One of the most controversial of these measures is SB 50. Hailed by advocates as a solution to the Bay Area’s housing shortage, the bill would override cities’ density rules, height limits and parking requirements in areas near public transit hubs. For example, projects within a half-mile of major transit stops — including two Caltrain stations in Palo Alto and one on the border with Mountain View — could be up to 45 feet tall, or about four stories. About 7,000 parcels, or 40 percent of Palo Alto’s total parcels, would be subject to SB 50 rules — enough to transform Palo Alto from a community of predominantly single-family homes into a city dominated by townhouses and apartments, according to the Embarcadero Institute.The legislation could cause the city’s population to grow to 2.7 times its current size and bring up to 30,000 new students to Palo Alto, the report said, potentially stretching the capacity of the local schools in a city renowned for the quality of its public education system. SB 50 also could bring as many as 90,000 additional vehicles to town, according to the report.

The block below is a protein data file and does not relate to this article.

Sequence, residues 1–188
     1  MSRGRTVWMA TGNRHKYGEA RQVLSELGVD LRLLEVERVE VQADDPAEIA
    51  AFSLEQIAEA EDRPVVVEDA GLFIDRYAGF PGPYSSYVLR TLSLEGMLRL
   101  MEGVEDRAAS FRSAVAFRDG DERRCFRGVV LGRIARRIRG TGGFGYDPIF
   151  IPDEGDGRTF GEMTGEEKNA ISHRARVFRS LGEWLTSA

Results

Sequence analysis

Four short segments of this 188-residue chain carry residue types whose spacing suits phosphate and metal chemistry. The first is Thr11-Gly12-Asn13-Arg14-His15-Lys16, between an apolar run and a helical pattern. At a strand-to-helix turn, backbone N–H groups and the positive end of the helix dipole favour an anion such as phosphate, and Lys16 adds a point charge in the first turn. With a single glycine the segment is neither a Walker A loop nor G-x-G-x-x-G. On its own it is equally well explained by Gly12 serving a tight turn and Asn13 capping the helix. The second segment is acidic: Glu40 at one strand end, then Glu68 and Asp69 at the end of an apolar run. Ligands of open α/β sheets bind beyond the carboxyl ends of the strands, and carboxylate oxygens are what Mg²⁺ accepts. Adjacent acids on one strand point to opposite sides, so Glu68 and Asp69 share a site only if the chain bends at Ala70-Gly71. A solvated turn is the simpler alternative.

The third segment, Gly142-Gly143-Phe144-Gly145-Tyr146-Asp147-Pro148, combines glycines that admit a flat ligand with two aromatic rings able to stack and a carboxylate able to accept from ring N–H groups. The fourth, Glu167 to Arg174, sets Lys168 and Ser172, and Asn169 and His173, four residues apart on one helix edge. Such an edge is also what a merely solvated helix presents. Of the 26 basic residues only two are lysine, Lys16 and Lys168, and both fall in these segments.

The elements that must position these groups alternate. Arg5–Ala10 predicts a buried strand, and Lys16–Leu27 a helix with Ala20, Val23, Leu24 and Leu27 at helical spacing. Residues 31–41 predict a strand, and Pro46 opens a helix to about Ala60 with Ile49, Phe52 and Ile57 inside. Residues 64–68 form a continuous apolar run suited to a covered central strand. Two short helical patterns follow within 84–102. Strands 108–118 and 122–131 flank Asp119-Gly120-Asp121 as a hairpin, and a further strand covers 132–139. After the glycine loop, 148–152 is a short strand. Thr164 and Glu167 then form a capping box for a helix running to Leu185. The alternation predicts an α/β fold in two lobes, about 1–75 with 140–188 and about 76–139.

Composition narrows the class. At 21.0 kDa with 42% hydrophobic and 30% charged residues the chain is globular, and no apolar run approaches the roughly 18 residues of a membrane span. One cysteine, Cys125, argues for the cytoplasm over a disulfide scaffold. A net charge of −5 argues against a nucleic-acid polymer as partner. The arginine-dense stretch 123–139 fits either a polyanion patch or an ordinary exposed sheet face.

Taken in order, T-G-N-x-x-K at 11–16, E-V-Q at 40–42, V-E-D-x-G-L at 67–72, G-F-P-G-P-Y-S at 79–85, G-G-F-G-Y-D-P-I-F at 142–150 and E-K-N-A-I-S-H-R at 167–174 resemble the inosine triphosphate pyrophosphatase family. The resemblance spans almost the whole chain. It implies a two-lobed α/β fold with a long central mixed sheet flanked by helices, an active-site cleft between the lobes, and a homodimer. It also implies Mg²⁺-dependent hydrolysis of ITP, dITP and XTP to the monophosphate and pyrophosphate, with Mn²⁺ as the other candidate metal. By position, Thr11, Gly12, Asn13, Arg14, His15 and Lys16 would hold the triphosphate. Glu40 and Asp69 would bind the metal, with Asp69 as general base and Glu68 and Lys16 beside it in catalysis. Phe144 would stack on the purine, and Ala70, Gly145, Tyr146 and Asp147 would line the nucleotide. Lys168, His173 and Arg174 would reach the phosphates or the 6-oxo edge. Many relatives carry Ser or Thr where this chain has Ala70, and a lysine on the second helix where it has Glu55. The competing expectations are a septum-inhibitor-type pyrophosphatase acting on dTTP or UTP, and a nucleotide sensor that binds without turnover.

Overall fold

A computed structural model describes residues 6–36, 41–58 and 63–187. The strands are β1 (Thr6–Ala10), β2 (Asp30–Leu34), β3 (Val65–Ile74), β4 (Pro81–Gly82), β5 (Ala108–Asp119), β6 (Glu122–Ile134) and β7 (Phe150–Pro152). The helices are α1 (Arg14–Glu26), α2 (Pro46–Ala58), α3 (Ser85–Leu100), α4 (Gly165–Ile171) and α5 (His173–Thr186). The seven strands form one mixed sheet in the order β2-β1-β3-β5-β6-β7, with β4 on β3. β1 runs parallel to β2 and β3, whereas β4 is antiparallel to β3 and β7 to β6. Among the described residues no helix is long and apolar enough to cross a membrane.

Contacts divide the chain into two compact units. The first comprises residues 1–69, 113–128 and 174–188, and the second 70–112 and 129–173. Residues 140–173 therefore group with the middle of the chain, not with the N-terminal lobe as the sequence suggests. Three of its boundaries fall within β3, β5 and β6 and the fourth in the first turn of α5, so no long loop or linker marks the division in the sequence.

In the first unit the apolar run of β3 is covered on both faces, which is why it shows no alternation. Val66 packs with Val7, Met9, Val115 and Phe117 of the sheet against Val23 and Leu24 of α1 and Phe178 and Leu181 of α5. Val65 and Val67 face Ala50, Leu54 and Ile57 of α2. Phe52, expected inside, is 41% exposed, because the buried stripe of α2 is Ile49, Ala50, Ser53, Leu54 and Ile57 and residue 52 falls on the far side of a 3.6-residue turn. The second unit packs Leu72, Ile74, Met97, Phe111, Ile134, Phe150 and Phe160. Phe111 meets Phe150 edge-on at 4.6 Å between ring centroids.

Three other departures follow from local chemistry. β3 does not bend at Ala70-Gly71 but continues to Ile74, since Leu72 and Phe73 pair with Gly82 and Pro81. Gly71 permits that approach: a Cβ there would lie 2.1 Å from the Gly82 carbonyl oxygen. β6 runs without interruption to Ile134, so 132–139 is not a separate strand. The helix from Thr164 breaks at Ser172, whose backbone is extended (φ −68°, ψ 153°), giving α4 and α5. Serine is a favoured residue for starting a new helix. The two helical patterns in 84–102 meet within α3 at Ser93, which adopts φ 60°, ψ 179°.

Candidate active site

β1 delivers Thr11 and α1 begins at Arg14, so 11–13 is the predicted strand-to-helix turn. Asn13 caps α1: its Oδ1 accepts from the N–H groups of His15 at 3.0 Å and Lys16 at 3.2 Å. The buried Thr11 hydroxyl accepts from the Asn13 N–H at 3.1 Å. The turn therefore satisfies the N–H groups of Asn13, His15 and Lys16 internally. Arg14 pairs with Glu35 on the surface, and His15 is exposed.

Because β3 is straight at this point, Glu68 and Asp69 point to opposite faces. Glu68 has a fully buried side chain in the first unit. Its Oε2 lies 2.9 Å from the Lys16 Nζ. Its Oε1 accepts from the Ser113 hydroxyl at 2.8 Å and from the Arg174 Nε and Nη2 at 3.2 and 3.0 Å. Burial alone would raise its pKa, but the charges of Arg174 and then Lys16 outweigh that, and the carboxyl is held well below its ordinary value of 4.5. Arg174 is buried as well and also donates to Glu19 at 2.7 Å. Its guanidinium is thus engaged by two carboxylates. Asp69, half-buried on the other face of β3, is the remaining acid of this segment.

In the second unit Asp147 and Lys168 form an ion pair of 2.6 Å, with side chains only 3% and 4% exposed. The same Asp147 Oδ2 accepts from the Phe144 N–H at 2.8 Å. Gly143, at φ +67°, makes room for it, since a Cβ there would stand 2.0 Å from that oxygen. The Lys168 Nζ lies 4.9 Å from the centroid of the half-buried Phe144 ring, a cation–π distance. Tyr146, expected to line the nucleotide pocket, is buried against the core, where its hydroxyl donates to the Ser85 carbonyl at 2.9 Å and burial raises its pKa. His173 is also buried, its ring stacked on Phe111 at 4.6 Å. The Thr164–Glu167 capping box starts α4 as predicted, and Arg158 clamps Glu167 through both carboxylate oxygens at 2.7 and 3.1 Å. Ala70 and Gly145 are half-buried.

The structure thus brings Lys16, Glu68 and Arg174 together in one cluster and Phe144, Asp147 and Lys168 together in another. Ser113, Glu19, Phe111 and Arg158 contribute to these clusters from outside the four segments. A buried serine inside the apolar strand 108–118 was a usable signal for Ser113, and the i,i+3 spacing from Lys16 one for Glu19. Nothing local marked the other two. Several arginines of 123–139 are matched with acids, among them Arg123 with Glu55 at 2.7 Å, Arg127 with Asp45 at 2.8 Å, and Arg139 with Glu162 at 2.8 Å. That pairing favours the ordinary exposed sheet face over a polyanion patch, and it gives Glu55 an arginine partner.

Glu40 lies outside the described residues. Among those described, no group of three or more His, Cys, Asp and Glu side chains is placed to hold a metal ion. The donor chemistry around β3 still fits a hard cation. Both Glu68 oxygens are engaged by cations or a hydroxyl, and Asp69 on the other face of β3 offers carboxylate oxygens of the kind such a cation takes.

Blogs I Follow
- Revenue-strapped government of Burkina Faso? I don’t think so.
- How much is the Trump trade war helping African consumers of soybean?
- Recent reading: Beard, Twain, and Pinsker
- Should anti-vaccination parents be liable under tort law if their child infects a baby and kills them?
- Reading fiction because it is actually better than binge-watching
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